Parliament last night passed the “Transplantation of Human Organs Bill, 2018,” expanding the definition of close relationships to include cousins, grandparents and grandchildren.
This may make organ transplantation a little easier.
The new definition includes parents, children, brothers and sisters, husbands and wives as well as blood-related grandparents, grandchildren, cousins, maternal and paternal uncles, and aunts.
Under the current law, “close relationships” is used to refer to only son, daughter, father, mother, brother, sister, paternal and maternal uncle and aunt, husband and wife.
Only those who fall under the definition can act as donors.
Health Minister Mohammed Nasim placed the bill before the House.
The House, with Speaker Shirin Sharmin Chaudhury in the chair, passed the bill by voice votes, rejecting the amendment motions put forward by the opposition lawmakers.
While placing the bill, Nasim said the law is aimed at improving the country's healthcare services maintaining consistency with the advancement of medical science.
The proposed bill will make the existing law of 1999 more attuned with the current time and once the law is implemented, it will help check trafficking of human organs and their illegal trade, he said.
Data from 2016 showed that some 30,000 people die in Bangladesh failing to have kidney transplants or dialysis and some 40,000 become end-stage kidney patients.
“Lives of at least 20,000 could have been saved had their kidneys been transplanted,” Kidney Foundation President Prof Harun Ur Rashid had said at the time.
With the new definition of “close relationships”, more people will be able to find donors soon.
Previously, many patients would opt to go abroad to countries like India for transplants, where non-relatives can donate kidneys. But the cost is much higher than if the procedure is done in Bangladesh.
There have also been cases where people would forge documents to prove close relations with donors to expedite the transplantation. Under the new law, if anyone is found guilty of doing so or is either encouraged or intimidated to do so, it will constitute a crime. The culprit will be sentenced to minimum two years' of rigorous imprisonment or have to give a fine of Tk five lakhs or both.
The bill also stipulates that any organ transplantable to the human body, including the kidney, liver, bones, eyes, heart, lung and tissues, could be transplanted from human bodies having heartbeats or from those on life support only.
Furthermore, under the new bill, no hospital in the country can conduct human organ transplant without the government's approval while public hospitals with specialised units can do the task without taking prior approval.
If any hospital wants to carry out such transplants, it can apply to the government after meeting some specified conditions, the bill says.
The government may allow hospitals to conduct the operation if the requirements are met.
Hospitals have to apply to the authorities concerned within 60 days of enactment of the law.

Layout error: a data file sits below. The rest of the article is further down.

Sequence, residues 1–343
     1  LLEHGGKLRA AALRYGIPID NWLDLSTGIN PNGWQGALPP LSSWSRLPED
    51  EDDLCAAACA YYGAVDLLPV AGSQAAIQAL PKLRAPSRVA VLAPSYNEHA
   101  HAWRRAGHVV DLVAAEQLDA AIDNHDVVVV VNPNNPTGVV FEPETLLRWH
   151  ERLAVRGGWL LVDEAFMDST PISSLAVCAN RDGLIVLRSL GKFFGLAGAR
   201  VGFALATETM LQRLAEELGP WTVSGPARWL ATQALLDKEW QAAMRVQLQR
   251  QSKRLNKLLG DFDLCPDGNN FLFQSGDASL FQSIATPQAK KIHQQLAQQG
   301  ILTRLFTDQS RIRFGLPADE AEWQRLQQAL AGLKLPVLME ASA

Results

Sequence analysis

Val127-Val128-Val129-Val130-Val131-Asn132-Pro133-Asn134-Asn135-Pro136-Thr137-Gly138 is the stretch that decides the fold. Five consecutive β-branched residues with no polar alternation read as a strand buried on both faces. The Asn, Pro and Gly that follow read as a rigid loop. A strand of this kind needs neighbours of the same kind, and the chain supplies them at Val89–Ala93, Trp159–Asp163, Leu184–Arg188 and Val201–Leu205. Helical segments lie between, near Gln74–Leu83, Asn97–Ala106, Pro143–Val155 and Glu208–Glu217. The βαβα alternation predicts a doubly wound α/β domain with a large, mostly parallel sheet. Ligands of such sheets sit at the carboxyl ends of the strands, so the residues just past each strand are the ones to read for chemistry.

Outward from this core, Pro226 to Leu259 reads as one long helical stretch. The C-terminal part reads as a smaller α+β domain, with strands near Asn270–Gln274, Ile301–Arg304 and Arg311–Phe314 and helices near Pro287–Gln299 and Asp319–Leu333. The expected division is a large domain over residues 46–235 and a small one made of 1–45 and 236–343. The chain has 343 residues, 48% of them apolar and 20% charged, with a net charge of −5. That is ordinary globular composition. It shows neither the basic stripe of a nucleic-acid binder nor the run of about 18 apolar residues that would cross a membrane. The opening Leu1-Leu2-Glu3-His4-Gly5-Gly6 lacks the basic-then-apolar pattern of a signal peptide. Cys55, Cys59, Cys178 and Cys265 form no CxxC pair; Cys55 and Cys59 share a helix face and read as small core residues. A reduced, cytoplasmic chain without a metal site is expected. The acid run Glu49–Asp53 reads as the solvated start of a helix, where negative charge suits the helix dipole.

The government may revoke the licences of hospitals if the law is violated.
The bill mentions that there will be a medical board in every hospital for deciding the transplantation and a National Cadaveric Committee to oversee the human organ transplants in the country.
In the name of organ donation, illegal trade of organs has reportedly been going on in the country for over a decade.
Wealthy recipients and brokers trick poor and illiterate people into selling their organs by making false promises of high prices, jobs and a chance to go to foreign countries.
The new bill also comes with a provision of minimum three years of rigorous imprisonment or Tk 10 lakhs fine or both for violation of the law in a bid to check organ trafficking.
The existing law stipulates imprisonment for a minimum of three years to a maximum of seven years, and/or penalties of a minimum fine of Tk three lakhs.
Any doctor convicted under the law will lose his or her registration with Bangladesh Medical and Dental Council.
A three-member coordination committee will be formed in every hospital comprising a neurologist, an anaesthesiologist and a medicine or critical medicine specialist and they will have to be professors or at least associate professors.
As per the new proposed law, a National Cadaveric Committee will be constituted with the vice chancellor of Bangabandhu Sheikh Mujib Medical University (BSMMU) as its chairman to oversee the human organ transplantation, visit transplantation facilities as well advise the government regarding human organ transplantation.
Besides, there will be a four-member certification board headed by a director of the Health Directorate and no organ transplantation will be allowed in any hospital of the country without approval from the board.
There will also be a three-member medical board in every hospital for deciding the transplantation of the organs with a professor of the Department of Surgery as its chief. The board could also co-opt one or more such expert physicians as its members if necessary.